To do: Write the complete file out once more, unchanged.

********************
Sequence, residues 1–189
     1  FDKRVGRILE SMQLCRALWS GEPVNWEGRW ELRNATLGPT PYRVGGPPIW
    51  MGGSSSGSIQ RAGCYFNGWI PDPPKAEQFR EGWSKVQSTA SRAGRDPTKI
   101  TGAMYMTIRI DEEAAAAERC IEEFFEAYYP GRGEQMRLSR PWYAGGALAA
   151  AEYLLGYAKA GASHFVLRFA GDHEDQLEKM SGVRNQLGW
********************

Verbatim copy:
Sequence, residues 1–189
     1  FDKRVGRILE SMQLCRALWS GEPVNWEGRW ELRNATLGPT PYRVGGPPIW
    51  MGGSSSGSIQ RAGCYFNGWI PDPPKAEQFR EGWSKVQSTA SRAGRDPTKI
   101  TGAMYMTIRI DEEAAAAERC IEEFFEAYYP GRGEQMRLSR PWYAGGALAA
   151  AEYLLGYAKA GASHFVLRFA GDHEDQLEKM SGVRNQLGW